When a vessel arrives in port after a lengthly sea passage it will have less stability than when it departed from the last port.
Fuel and Water may be consumed from below and the free surface effect caused by slacking the tanks will cause an effective reduction in GM (Metacentric height).
The minimum acceptable metacentric height on arrival, including allowance for free surface is 0.15m
The below diagram shows how a real shift of G parallel to the displaced wedge of water causes a virtual shift in G upwards as shortened GZ acts on the centreline.
When the vessel uses its own gear to lift a weight ‘g’ (the centre of gravity of the weight) shoots up to the top of the lifting gear and as a result there is a large loss of GM.
The vessel is now in a vulnerable position to engage in lifting operations.
The vessel is now tender and liable to roll wildly whilst along side. This video shows the result:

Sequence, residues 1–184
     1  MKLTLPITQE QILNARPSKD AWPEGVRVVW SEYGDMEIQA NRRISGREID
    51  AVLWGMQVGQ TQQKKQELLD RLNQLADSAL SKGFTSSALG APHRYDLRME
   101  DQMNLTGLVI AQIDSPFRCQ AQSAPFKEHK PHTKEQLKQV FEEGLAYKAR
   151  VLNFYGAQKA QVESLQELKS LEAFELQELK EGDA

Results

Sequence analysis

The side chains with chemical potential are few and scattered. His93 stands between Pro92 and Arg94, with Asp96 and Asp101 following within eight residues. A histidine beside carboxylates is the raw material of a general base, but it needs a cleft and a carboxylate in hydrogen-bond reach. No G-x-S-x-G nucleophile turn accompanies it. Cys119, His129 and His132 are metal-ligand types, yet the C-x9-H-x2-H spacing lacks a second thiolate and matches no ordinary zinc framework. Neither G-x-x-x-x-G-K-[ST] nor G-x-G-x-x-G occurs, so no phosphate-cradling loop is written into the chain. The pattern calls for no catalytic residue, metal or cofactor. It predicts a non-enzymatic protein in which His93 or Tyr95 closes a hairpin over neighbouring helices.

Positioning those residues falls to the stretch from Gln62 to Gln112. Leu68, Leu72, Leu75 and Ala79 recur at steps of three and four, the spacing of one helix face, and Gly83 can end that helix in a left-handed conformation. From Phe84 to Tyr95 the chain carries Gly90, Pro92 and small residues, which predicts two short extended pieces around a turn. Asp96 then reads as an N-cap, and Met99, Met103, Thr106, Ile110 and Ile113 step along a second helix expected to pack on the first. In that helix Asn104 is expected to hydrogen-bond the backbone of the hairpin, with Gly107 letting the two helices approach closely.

When lifting a large weight with ships gear remember to:
- Calculate the vessels liquid GM
- Read the lifting plan data on board
- Ensure the condition and certification of all equipment
- Hold proper briefing of all personnel and appoint officer in charge
- Complete a risk assessment and permit to work
- Ask all non essential personnel to go ashore
- Remove breast lines and tend moorings
- Remove passurel
- Rig large fenders at several levels on shore
- Inform port of the operation and ask them to place barriers to keep the public away.
- Warn vessels around you of your operation
- Have personnel tend the lines which steady the load
- UHF Radio communication to a minimum
If you have found that there is more to practical stability than you realised and you have further questions on any maritime matter talk to Tony for further advice or guidance.